If you’d been blind for life, would it be better to have vision, say, for a year and then lose it, or to never have had it at all? And do you think reading this book has made you think differently about that question?


I am a speech therapist and so have participated in discussions about the hearing vs deaf cultures. People who qualify clinically for cochlear implants to give them hearing must face the same potential for being ostracized from the deaf community of which they feel inherently a part as May faced with the blind community. I was so glad that May discussed this with his blind friend, Bashin, before embarking on his surgery. It seems that no matter what medicine or money or anything has to offer us as individuals, we must never kid ourselves into thinking we stand to gain more than what we have in the communities that love and support us. I am not saying May made the wrong decision or that people with cochlear implants make the wrong decisions for themselves, but I applaud Kurston's inclusion of the issues of culture and community as vital to happiness.
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ilucas
Posts: 22
Registered: ‎10-19-2006
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Re: Discussion Topic: Risk and Reward

I would suspect that those considering a cochlear implant have more to lose in terms of community than did Mike. Mike spent more time in a sighted world than he did among other blind people. Although I do not have any extensive contact with deaf communities, they appear to be more exclusive than does any other group of people with physical disabilities. I suspect that has everything to do with limitations of language. Language definitely shapes our world view, our sense of belonging and identity. ASL is not spoken by many in the hearing world and spoken languages are not readily accessible to the deaf community. Mike did not have this problem. He was never part of a exclusive community shaped by a common language. Although he might not have felt welcome by his visually impaired friends after surgery, he already had an extended social network, including his nuclear family and professional colleagues, that he was immersed in.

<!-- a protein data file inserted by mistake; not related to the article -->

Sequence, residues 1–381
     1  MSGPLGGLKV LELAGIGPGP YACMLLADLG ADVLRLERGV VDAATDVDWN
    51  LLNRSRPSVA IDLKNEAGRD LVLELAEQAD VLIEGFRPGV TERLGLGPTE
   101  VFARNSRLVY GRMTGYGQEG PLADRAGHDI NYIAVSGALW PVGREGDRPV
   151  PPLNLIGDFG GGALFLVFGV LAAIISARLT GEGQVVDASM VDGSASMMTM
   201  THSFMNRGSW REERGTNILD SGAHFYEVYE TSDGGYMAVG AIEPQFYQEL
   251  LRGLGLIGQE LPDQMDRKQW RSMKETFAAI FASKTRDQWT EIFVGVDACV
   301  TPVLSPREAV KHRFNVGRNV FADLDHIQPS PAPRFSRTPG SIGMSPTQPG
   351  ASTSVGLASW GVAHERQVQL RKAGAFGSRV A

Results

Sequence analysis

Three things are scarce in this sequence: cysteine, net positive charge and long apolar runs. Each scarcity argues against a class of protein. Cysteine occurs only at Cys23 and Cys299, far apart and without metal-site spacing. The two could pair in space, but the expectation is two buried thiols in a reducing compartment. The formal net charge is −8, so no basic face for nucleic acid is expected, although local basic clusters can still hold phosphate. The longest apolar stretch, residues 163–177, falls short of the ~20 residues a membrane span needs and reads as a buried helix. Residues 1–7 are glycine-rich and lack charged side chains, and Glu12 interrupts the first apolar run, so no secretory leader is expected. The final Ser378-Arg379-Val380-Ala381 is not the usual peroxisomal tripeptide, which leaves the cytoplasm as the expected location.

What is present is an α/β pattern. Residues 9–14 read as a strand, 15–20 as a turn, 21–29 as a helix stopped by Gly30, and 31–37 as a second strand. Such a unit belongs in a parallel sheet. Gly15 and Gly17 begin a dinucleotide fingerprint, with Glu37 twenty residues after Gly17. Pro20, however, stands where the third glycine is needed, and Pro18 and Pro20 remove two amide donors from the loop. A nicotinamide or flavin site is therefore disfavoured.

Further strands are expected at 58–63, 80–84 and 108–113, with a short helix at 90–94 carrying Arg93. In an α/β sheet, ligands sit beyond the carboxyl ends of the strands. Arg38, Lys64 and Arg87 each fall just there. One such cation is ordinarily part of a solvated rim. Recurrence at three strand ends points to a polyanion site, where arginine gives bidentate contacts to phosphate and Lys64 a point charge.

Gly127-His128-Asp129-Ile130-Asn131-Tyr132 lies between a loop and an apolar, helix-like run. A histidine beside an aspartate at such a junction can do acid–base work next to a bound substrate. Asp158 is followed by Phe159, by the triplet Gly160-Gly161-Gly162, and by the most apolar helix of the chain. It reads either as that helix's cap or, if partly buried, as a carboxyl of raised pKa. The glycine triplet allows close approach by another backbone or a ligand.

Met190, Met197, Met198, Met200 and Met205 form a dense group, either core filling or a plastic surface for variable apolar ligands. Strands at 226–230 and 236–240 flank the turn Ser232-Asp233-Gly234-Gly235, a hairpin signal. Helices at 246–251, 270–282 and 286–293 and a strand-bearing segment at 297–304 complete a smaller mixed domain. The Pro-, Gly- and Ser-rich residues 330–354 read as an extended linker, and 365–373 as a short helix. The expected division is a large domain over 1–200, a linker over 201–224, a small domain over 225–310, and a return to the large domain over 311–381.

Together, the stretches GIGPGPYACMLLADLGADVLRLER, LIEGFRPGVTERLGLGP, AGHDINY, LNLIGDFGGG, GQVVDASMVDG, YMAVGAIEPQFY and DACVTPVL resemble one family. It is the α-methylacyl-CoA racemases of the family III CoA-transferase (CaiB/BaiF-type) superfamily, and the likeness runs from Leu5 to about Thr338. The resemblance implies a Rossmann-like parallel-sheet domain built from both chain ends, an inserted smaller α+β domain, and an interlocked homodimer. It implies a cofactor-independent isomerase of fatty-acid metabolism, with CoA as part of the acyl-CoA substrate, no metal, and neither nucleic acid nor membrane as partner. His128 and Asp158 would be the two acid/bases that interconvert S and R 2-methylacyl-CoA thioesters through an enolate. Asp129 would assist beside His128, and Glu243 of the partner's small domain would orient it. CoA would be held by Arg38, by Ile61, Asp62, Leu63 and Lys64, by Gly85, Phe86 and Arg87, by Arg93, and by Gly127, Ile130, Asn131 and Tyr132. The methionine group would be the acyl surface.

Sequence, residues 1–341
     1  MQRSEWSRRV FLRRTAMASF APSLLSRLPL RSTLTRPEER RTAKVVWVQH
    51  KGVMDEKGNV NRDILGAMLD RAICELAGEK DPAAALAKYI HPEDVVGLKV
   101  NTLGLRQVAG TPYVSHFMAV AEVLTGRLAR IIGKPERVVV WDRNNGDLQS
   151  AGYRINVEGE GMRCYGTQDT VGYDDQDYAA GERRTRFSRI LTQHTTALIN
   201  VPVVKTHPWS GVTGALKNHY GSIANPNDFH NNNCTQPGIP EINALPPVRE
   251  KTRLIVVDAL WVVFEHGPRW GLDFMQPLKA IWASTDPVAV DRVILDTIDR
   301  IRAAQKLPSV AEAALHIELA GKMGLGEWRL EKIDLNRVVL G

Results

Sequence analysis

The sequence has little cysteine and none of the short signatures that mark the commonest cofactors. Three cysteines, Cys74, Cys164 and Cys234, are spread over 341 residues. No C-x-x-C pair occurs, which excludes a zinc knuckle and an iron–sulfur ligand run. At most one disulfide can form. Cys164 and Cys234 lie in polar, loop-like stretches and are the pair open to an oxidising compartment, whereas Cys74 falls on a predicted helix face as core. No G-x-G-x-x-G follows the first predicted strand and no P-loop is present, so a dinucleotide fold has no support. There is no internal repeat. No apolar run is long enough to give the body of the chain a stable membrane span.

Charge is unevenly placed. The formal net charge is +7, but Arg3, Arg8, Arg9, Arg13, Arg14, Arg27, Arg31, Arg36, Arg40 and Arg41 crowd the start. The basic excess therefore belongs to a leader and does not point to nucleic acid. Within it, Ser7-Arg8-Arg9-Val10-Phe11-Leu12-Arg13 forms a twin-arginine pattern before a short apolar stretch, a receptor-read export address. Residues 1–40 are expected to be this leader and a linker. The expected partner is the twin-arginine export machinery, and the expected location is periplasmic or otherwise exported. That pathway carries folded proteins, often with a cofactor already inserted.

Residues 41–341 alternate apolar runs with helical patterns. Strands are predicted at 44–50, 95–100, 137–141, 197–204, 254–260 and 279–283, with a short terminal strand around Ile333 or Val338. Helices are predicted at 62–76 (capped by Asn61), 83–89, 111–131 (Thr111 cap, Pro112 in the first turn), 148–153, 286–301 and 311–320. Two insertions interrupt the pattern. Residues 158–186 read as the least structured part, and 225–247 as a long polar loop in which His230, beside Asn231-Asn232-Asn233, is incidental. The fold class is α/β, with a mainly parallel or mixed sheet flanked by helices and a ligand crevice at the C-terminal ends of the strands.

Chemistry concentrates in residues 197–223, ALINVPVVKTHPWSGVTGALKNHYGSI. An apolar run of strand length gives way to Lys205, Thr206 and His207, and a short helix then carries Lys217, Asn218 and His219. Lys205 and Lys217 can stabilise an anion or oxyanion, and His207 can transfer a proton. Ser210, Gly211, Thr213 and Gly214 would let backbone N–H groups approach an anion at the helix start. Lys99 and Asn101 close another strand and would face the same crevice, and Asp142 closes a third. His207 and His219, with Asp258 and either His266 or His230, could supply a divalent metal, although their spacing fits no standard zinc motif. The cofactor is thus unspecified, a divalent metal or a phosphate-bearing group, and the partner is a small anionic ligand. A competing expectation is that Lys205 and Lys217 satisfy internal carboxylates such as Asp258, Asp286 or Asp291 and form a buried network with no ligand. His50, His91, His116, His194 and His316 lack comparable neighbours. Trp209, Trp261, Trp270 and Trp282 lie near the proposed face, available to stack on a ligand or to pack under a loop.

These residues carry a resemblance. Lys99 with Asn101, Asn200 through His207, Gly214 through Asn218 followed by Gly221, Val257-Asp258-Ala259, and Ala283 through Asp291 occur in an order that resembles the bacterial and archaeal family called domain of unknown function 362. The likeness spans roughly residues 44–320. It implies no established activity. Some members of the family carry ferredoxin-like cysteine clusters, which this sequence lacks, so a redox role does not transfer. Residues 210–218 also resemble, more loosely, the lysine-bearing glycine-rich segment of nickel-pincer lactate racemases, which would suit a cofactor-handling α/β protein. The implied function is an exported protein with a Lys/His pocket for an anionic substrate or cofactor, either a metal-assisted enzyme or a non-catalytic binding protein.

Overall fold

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RobertKurson
Posts: 34
Registered: ‎07-03-2007
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Re: Discussion Topic: Risk and Reward

These are all excellent points. And they raise the issue, I think, of what love and inclusion and community really mean. Are they unconditional? One would like to think so. And yet, in so many instances, it turns out that this might not be true. Friends and family and community often desert their own - for intermarriage, for leaving the faith, for pursuing one's passion, even for choosing to embrace a new sense. In a certain way, it can be argued that those abandoned by their friends and community for such offenses have a bit of a leg up on the rest of us in that they have an even better sense of who their true friends and community really are.